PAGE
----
LS: Doing so many shows in a season doesn't leave you just a ton of time between them for rehearsal. So when you get a show like this, you always wish you had one more week, two more weeks because it's just so difficult.
AA: One more day.
LS: Yeah. It's so much to cram in.
TH: I think Mark [Anthony Glover] even said once, he didn't realize how-he knew it was going to be a tech heavy show and timing-but he didn't realize how much until this last week [the last week of rehearsal before opening night on September 1, 2012].
JN: Yeah, we're doing really well. It's an amazing cast. It's an ensemble show, and I think we have an amazing ensemble cast because I don't think this show would work without every single part of it.
AA: Oh, absolutely not. We've definitely been given a great cast to work with because everyone is one big community.
LS: You have to do your homework. I mean, in community theatre, there is not enough time in the day to make it perfect because everybody's got an eight to five. Everybody is doing something else.
LS: And so, you can tell with this cast that everybody-that's all I listened to in my car for a month-and you can tell that's what everybody else was doing too because they'd come to rehearsal and nobody had forgotten what they learned the day before, and I feel like, in community theatre, that's rare. So, that was nice.
Tell me about your upcoming 2012 season.
LS: We're super excited about next season.
LS: It's super dark. It's our fifth season, and the way we chose a lot of it is we let our audience vote on Facebook and when they came to the show on every show we have ever performed before here at Stage Door. We let them vote on their favorite, and our audience's top 5 were RENT, LITTLE SHOP OF HORRORS, SWEENEY TOOD, ROCKY HORROR, and EVIL DEAD. That tells you kind of who our audience is. They are edgy and dark.
LS: We're not doing Rogers and Hammerstein a lot. We do some. We did SOUND OF MUSIC. We do family friendly shows, but next season kind of became our season of murder and mayhem because our audience chose it that way. And we were like, "Well, let's go with it!" (Laughs) So that's how that happened.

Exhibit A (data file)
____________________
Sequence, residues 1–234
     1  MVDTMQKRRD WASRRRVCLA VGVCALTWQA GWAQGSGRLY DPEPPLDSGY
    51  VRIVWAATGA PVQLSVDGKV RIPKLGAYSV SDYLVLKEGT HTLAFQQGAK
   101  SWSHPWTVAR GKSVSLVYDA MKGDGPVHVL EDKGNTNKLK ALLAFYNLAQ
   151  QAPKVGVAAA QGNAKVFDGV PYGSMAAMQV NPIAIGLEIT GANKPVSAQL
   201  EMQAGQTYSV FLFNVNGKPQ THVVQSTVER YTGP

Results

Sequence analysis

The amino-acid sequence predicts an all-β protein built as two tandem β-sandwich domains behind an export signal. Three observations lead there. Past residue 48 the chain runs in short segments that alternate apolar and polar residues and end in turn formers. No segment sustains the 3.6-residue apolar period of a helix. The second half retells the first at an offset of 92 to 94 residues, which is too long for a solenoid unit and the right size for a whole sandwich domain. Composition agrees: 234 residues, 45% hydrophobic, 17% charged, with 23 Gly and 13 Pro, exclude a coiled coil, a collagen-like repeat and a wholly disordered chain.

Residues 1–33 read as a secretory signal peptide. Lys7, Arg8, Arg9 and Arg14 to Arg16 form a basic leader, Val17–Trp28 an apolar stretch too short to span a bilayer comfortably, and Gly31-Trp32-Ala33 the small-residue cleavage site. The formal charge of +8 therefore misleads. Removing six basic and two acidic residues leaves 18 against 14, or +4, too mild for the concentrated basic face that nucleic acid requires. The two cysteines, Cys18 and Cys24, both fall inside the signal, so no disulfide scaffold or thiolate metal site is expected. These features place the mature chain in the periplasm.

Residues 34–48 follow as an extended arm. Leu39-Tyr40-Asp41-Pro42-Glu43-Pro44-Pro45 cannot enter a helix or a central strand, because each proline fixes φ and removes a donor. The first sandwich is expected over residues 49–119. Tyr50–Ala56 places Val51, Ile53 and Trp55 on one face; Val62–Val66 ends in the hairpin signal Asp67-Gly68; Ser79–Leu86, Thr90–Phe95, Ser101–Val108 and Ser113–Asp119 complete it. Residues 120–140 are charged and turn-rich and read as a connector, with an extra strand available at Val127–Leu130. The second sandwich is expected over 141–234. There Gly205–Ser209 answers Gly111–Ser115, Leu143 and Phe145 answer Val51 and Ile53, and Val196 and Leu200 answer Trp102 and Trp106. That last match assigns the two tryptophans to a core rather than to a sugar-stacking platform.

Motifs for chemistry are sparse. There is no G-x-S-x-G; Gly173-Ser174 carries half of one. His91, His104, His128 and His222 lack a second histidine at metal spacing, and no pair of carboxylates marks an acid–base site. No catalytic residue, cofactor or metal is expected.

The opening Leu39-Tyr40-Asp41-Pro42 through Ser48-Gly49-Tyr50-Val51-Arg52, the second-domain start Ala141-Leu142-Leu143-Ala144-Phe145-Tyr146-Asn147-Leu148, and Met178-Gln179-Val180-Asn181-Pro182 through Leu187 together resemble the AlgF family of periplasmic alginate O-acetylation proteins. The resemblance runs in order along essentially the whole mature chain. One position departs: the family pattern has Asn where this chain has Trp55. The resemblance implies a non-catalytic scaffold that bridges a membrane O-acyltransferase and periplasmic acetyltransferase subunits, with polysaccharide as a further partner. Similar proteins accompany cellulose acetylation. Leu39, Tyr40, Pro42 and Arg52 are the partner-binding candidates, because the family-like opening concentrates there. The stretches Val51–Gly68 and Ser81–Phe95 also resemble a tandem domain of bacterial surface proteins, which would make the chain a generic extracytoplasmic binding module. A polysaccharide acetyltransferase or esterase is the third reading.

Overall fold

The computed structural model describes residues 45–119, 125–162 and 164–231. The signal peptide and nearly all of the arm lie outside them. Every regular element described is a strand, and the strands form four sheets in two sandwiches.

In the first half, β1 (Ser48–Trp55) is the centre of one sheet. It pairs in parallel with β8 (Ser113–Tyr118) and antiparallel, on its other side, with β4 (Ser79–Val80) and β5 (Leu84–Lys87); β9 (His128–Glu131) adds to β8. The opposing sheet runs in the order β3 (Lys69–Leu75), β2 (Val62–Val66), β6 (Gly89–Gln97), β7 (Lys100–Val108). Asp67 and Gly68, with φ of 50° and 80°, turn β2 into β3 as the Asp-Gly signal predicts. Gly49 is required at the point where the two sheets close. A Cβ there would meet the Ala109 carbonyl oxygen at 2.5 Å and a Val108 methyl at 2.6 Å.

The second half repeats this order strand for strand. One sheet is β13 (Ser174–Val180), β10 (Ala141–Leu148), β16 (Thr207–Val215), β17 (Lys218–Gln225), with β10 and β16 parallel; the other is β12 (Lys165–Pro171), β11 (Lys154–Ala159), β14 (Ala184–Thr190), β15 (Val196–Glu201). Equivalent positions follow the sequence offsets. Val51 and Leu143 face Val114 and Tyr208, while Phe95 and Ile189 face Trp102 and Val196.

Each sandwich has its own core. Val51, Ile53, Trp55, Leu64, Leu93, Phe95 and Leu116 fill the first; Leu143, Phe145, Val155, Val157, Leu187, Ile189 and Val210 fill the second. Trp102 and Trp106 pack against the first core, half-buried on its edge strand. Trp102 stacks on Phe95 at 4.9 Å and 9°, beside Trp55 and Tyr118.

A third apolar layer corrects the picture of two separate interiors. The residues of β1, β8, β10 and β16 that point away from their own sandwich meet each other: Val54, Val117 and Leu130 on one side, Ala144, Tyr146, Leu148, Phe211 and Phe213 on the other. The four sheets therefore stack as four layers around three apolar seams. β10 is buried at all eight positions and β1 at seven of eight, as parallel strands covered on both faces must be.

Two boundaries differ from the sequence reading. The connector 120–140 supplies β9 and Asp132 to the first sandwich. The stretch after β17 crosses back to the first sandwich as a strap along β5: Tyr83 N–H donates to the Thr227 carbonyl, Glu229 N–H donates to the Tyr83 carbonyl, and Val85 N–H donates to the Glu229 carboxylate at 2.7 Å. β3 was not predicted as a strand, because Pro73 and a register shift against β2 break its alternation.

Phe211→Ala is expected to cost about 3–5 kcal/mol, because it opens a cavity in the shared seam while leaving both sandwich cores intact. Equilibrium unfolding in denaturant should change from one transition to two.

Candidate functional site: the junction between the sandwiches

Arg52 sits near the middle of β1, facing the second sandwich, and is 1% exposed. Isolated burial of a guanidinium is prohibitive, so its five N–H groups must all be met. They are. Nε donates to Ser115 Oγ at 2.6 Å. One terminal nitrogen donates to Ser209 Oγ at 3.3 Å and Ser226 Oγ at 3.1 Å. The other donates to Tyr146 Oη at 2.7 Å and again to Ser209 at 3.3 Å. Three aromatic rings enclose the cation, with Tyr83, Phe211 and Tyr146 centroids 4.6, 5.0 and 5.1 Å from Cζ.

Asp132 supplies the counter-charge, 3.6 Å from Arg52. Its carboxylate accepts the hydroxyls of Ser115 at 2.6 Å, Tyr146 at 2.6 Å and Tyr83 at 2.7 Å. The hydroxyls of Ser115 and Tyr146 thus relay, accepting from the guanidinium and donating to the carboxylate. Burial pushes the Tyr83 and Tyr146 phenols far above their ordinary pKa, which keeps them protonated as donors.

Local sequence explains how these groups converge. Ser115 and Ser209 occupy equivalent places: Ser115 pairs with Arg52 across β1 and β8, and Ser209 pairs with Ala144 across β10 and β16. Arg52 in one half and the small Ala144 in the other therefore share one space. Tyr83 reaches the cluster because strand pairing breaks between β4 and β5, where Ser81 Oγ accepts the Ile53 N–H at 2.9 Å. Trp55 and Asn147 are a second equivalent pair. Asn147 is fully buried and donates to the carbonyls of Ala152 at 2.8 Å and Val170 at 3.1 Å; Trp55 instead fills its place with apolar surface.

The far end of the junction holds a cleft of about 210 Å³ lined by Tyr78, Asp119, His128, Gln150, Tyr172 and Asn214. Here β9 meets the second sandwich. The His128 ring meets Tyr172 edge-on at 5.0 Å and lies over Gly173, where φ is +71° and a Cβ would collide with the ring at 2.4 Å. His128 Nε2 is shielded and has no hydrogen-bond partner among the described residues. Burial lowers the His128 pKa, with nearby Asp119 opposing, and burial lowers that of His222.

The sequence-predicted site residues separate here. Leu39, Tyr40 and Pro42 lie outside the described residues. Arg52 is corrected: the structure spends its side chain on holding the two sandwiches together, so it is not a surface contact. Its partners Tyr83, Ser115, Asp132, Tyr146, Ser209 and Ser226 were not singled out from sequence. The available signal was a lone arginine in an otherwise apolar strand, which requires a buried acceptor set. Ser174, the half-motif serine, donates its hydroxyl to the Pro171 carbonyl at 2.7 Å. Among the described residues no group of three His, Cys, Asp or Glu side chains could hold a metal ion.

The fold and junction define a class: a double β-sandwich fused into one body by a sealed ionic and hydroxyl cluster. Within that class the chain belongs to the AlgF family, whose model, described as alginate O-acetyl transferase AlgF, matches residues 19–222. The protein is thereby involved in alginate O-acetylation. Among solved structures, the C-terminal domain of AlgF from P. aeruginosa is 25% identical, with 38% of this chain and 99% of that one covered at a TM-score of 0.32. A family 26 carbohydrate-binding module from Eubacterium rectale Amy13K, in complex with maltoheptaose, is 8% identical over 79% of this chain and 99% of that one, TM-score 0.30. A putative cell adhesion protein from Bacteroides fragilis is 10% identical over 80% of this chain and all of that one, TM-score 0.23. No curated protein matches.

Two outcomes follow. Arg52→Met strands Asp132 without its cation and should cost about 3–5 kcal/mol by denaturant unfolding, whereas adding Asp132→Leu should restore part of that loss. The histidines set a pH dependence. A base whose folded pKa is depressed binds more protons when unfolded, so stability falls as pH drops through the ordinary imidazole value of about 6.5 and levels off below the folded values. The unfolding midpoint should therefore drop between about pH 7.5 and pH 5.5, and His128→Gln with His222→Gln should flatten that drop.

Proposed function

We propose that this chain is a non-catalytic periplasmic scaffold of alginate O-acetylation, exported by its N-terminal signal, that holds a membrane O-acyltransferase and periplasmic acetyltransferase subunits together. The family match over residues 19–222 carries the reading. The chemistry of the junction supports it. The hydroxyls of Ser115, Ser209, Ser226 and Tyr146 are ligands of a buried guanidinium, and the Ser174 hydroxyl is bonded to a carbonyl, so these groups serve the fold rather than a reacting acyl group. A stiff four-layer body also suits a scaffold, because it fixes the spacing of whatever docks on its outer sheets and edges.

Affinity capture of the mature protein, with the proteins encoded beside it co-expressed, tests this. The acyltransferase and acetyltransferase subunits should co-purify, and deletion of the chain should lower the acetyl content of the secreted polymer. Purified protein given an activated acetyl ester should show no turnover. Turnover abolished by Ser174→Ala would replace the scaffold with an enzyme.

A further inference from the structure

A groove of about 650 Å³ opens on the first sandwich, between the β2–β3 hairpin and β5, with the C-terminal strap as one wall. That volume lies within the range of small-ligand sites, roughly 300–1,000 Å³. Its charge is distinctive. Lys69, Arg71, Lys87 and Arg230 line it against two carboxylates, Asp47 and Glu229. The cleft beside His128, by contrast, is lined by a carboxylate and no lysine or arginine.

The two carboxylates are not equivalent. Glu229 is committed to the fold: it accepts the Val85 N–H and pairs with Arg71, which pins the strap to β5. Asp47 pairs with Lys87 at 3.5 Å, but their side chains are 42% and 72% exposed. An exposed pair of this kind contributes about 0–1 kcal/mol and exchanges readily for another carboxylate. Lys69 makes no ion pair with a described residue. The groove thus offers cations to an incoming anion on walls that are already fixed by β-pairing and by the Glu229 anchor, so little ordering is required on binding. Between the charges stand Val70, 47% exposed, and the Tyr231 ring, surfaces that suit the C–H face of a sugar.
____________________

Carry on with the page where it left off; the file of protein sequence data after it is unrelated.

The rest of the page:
FRANKENSTEIN-A NEW MUSICAL will continue to run at Stage Door Inc. until September 23, 2012. Their next show, the emotionally visceral THE LARAMIE PROJECT runs from October 12, 2012 to November 4, 2012. Then, Stage Door Inc. will close their fourth season with DASHING THROUGH THE SNOW, which runs from November 23, 2012 to December 16, 2012. Their fantastic fifth season opens on January 4, 2013 with a production of RENT. Following RENT, Stage Door Inc. is offering productions of Steven King's MISERY (February 15, 2013 to March 10, 2013), LITTLE SHOP OF HORRORS (March 28, 2013 to April 21, 2013), SOUTHERN HOSPITALITY (May 24, 2013 to June 16, 2013), SWEENEY TODD: THE DEMON BARBER OF FLEET STREET (July 5, 2013 to July 28, 2013), CAT ON A HOT TIN ROOF (August 9, 2013 to September 1, 2013), Richard O'Brien's THE ROCKY HORROR SHOW (September 20, 2013 to October 12, 2013), EVIL DEAD: THE MUSICAL (October 31, 2013 to November 17, 2013), and NUN CRACKERS: A NUNSENSE CHRISTMAS MUSICAL (November 29, 2013 to December 22, 2013). For more information and tickets please visit http://www.stagedoorinc.com/ or call (832) 582 – 7606.All images are courtesy of Stage Door Inc.
Promotional Poster for FRANKENSTEIN.
2013 Season Announcement.